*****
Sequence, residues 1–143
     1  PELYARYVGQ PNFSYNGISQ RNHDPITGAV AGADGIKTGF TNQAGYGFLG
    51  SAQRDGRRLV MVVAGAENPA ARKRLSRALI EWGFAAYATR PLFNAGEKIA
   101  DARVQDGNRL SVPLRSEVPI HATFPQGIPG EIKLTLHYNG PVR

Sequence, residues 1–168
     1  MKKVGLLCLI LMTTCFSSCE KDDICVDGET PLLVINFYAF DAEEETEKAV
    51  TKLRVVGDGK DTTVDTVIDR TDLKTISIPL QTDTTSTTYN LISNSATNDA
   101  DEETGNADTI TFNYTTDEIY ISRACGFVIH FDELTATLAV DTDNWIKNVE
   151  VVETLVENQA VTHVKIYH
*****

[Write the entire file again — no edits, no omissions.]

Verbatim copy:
Sequence, residues 1–143
     1  PELYARYVGQ PNFSYNGISQ RNHDPITGAV AGADGIKTGF TNQAGYGFLG
    51  SAQRDGRRLV MVVAGAENPA ARKRLSRALI EWGFAAYATR PLFNAGEKIA
   101  DARVQDGNRL SVPLRSEVPI HATFPQGIPG EIKLTLHYNG PVR

Sequence, residues 1–168
     1  MKKVGLLCLI LMTTCFSSCE KDDICVDGET PLLVINFYAF DAEEETEKAV
    51  TKLRVVGDGK DTTVDTVIDR TDLKTISIPL QTDTTSTTYN LISNSATNDA
   101  DEETGNADTI TFNYTTDEIY ISRACGFVIH FDELTATLAV DTDNWIKNVE
   151  VVETLVENQA VTHVKIYH